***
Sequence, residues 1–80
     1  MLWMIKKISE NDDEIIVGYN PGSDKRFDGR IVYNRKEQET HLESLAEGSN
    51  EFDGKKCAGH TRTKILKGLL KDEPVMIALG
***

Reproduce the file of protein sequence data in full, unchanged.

Sequence, residues 1–80
     1  MLWMIKKISE NDDEIIVGYN PGSDKRFDGR IVYNRKEQET HLESLAEGSN
    51  EFDGKKCAGH TRTKILKGLL KDEPVMIALG